I always envied the golfers who got the early morning tee times. Booking a tee time first thing so you can be out on the fairways without anyone in front to slow you down has always been top choice in most golfers’ minds. At least I thought so until I read an article by Bill Pennington of the New York Times Service recently published in Kentucky.com, the online publication of the Lexington Herald-Leader.
It turns out just about the worst time of the day you can play golf and expect to have a great score, is first thing in the morning. Studies show that in those early hours your body is less flexible, your mind is still half asleep and your body-mind connection is really a bit fuzzy.
Here’s a bit of the article:
“From a circadian rhythm standpoint, 6:30 in the morning is the worst possible time to play golf,” said Dr. Charles Czeisler, the director of the Division of Sleep Medicine at Harvard Medical School. “It would be the absolute nadir of performance preparedness. You will be less flexible, your coordination will be off a little, your judgment will not be as good, and your short-term memory would be affected. “I know it’s less crowded so it might be more enjoyable, but it’s very far from the optimal time to play if you’re talking about performance.”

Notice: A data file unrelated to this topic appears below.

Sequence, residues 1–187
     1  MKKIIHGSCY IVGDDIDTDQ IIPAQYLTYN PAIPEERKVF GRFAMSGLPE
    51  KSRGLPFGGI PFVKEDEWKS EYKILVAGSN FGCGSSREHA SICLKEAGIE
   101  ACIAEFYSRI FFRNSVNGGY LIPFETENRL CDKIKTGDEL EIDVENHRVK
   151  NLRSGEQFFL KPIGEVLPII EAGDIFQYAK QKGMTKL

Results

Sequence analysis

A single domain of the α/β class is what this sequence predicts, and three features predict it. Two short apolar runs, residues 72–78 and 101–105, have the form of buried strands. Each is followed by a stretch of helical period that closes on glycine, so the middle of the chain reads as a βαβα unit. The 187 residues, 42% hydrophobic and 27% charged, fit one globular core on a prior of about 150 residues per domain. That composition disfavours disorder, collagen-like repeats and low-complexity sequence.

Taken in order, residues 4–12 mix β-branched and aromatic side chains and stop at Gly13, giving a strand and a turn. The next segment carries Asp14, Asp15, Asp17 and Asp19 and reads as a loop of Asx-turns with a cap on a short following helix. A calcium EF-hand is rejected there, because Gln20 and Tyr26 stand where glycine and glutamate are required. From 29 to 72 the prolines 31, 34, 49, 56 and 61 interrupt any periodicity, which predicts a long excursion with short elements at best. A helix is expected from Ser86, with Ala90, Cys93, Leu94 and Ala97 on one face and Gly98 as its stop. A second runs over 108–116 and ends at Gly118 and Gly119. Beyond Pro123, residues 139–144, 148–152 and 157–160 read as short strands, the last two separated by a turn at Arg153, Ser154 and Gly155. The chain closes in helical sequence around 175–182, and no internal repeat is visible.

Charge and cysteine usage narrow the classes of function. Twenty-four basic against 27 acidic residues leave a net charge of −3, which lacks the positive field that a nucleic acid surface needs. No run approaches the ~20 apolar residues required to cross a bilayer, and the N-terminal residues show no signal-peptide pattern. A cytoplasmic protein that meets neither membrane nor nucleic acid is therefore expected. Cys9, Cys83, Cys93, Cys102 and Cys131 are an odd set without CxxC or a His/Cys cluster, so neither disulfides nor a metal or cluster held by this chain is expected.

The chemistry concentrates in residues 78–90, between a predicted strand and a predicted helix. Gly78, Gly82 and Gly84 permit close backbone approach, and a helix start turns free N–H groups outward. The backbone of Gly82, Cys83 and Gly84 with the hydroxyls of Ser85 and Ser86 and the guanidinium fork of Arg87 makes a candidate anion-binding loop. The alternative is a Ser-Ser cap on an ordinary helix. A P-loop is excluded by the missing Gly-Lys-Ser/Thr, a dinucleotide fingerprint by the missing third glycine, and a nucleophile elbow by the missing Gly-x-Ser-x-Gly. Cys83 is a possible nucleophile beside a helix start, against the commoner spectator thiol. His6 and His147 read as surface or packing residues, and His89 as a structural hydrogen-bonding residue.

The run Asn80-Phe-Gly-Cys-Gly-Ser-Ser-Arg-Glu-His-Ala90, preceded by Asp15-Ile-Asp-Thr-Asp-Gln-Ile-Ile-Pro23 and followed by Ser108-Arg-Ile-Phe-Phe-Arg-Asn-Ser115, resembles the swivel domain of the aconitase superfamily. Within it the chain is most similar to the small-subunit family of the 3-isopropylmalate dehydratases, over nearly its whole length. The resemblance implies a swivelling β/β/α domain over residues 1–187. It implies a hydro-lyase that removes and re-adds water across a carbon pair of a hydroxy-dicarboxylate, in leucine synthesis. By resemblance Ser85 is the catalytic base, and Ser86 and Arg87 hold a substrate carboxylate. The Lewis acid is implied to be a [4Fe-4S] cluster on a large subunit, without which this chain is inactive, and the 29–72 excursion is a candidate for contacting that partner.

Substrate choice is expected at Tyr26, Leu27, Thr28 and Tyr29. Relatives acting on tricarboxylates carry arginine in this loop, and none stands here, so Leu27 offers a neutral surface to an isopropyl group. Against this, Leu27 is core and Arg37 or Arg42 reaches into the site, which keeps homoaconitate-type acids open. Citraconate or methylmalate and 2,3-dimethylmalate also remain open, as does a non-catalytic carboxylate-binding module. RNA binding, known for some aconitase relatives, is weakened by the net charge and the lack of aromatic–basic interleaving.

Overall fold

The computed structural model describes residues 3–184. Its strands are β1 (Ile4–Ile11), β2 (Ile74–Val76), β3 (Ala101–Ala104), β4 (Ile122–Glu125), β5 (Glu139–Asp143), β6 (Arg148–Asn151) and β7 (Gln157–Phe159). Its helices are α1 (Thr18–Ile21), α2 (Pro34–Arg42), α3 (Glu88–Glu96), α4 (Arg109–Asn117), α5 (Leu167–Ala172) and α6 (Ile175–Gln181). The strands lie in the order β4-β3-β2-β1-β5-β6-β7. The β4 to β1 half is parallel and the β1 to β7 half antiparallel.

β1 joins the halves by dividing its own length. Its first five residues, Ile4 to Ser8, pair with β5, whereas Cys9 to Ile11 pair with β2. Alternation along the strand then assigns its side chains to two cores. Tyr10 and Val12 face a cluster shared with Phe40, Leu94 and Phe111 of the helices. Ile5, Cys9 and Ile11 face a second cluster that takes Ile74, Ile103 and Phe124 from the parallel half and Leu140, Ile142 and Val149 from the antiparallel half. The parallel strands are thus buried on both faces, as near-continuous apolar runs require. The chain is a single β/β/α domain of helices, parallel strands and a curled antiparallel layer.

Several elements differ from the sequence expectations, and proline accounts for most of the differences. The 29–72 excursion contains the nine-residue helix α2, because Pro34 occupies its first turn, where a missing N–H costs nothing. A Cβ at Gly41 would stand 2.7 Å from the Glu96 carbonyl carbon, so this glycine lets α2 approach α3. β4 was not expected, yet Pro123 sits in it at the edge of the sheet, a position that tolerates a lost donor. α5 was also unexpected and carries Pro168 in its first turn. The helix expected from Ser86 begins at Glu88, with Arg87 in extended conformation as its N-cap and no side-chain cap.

Obviously, more goes into the golf experience than timing it for optimal performance. Playing early allows a lot of people to play at all. Because it is often about availability and scheduling, no one is proposing we turn asunder established playing routines.
But don’t you wonder why some people seem to score better in the morning and others score better in the afternoon? How many times have you teed off at 10 a.m., played a great nine holes, then fell apart on the back nine? Is that swing fatigue or did the time of the day have something to do with it?
Sleep experts and those who study exercise science can answer most of these questions, or at least predict the average outcome. Because it does matter what time of the day you play, and there are routine things you can do — like turning your face to the sun — to improve your chances of performing better.
So when is the best time to play a round of golf?
…Czeisler, who has spent years studying athletes, factory workers, firefighters, NASA space crews and thousands of others in various walks of life, instead proposed that golfers might perform best when starting a round about 4 p.m.!!!
…4 p.m. was a preferred choice because your body is coming out of a period when the desire to sleep was strong. In late afternoon, we are catching a second wind, which is a real phenomenon. “Every study of shift work reveals that people on the 3 p.m. to 11 p.m. shift are most productive,” Czeisler said.
To read the entire article and get the full scientific background go to this link at the Lexington Herald-Leader
As for me, I’m booking myself at 4 p.m. tee time!
What do you think? Does the time of day you play matter? Leave your comments below.